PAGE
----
The physical mechanisms are simple. Living systems, from individual cells through whole organisms to populations and ecosystems, exist in nested hierarchies and function as far-from-equilibrium dissipative structures . Each level in the hierarchy depends on the next level up both as a source for useful resources (negentropy) and as a sink for degraded wastes (entropy). As Daly [8, 9] reminds us, the human enterprise is a whollydependent subsystem of the ecosphere; it produces and maintains itself by extracting negentropic resources from its host system, the ecosphere, and dumping degraded entropic wastes back into its host. It follows that the increasing structural and functional complexity of the human sub-system as a far-from equilibrium-dissipative structure (a node of negentropy) can occur only at the expense of the accelerated disordering (increasing entropy) of the non-growing ecosphere. Indeed, humanity is in overshoot—global heating, plunging biodiversity, soil/land degradation, tropical deforestation, ocean acidification, fossil fuel and mineral depletion, the pollution of everything, etc., are indicative of the increasing disordering of the biosphere/ecosphere. We are at risk of a chaotic breakdown of essential life-support functions .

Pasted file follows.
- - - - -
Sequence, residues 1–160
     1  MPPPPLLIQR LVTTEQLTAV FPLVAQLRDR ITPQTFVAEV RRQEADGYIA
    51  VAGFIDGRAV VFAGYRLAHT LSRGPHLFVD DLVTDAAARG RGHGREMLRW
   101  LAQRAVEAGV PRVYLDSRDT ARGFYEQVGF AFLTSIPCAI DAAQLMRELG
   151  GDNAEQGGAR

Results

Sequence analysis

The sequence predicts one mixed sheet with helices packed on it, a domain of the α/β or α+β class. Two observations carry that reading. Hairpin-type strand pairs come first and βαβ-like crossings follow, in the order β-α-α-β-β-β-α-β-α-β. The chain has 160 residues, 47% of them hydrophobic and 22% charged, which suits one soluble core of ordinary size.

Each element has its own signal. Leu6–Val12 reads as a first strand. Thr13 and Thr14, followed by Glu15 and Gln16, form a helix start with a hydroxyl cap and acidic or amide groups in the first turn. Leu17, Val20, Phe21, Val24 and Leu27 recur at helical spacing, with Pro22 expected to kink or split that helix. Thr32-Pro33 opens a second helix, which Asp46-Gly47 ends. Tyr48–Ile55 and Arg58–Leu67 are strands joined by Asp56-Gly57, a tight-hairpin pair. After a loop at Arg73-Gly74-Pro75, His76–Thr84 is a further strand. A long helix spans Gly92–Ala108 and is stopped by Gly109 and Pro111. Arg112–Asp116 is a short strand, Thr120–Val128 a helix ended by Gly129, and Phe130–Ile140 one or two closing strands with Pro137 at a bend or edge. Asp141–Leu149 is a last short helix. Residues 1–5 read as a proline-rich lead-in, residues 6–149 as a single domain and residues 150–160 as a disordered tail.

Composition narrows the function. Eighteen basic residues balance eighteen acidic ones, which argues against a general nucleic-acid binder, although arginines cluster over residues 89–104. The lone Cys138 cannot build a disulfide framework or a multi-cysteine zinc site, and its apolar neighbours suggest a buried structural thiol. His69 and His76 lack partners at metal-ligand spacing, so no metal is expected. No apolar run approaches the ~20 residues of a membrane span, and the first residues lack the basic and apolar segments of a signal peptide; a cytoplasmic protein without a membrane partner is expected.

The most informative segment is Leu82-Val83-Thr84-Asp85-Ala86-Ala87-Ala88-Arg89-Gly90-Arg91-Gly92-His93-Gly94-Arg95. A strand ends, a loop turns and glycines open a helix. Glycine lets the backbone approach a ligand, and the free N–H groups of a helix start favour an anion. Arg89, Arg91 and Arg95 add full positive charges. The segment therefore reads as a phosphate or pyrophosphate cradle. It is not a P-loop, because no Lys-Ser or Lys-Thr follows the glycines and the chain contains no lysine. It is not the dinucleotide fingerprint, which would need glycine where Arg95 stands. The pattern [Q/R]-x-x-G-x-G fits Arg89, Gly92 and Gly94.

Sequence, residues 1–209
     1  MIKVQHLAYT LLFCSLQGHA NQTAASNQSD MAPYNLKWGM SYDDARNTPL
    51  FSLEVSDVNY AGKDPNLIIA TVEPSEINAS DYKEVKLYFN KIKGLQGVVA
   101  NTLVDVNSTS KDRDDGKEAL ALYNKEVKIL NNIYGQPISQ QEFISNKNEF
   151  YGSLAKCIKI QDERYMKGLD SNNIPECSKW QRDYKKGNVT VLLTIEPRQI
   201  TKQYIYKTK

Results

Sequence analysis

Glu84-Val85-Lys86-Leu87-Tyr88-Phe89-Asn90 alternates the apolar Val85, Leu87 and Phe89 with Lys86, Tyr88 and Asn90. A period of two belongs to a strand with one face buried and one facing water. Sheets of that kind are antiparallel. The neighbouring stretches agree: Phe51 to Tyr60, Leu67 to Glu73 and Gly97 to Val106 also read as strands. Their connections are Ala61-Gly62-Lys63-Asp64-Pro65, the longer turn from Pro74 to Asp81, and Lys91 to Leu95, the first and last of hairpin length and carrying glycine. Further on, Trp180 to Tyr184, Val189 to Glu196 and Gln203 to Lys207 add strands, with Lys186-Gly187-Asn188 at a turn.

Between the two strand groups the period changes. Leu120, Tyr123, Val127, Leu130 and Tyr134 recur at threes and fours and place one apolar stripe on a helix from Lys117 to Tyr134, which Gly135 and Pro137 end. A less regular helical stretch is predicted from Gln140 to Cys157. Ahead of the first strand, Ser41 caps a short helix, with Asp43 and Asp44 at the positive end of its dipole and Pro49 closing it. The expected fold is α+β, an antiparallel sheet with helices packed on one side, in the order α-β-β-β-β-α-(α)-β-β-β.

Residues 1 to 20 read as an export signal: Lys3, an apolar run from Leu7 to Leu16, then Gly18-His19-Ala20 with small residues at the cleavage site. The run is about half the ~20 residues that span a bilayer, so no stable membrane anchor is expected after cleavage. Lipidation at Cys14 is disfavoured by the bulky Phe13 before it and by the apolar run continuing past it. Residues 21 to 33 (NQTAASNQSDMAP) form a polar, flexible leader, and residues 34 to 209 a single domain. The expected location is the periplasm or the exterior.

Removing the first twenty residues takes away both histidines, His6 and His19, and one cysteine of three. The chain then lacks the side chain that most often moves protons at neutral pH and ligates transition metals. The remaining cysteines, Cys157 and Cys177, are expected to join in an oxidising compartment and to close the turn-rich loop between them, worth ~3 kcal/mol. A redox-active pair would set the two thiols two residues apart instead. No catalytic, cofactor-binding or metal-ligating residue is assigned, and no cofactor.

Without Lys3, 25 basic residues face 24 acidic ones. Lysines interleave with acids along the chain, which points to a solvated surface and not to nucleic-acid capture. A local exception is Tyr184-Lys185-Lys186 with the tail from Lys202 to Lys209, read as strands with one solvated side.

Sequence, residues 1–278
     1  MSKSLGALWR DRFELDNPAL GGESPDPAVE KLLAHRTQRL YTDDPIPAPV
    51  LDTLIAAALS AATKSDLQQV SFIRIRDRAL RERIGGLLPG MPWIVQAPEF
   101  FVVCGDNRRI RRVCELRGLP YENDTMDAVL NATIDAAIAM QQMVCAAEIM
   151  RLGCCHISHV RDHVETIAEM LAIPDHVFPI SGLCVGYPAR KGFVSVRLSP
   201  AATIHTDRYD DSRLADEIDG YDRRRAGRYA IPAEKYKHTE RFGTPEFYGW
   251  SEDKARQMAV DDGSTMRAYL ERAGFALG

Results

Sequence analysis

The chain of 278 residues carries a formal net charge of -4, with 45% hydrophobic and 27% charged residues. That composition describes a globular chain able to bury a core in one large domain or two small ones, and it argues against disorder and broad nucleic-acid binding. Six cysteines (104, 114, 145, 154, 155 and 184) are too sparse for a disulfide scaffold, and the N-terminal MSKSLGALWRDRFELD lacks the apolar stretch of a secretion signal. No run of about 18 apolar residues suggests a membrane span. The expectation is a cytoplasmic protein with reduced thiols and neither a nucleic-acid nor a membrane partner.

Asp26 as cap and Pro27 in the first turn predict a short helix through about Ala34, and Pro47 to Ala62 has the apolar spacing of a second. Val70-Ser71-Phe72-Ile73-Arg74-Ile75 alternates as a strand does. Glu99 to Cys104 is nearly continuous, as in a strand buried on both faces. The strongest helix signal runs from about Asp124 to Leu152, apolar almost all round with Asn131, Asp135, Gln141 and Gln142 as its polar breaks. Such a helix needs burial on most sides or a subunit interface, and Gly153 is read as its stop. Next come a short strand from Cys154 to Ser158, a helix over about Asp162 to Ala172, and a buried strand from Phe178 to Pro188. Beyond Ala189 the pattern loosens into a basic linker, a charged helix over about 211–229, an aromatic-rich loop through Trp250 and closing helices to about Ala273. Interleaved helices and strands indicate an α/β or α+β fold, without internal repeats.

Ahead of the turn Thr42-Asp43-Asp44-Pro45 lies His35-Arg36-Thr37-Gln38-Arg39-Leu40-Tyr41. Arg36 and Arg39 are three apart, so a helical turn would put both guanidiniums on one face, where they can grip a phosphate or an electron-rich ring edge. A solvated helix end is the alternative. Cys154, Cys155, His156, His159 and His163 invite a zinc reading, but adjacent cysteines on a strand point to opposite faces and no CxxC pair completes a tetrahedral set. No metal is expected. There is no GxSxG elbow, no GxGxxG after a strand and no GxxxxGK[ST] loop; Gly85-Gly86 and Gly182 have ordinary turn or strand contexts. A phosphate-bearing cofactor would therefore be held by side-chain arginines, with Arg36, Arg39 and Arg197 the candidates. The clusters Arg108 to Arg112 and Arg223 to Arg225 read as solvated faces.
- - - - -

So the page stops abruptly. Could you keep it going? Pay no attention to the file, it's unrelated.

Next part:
Little of this is reflected in contemporary development debates or in discussions of the population conundrum. The international community’s response to incipient biospheric collapse is doubly disastrous. MTI culture’s commitment to material growth, including continued FF use (Track 1), condemns humanity to the predictably dangerous impacts of accelerating climate change; at the same time, our pursuit of alternative energy sources (themselves FF dependent) in order to maintain the growth-based status quo (Track 2) would, if successful, assure the continued depletion and dissipation of both selfproducing and non-renewable resources essential for the existence of civilization.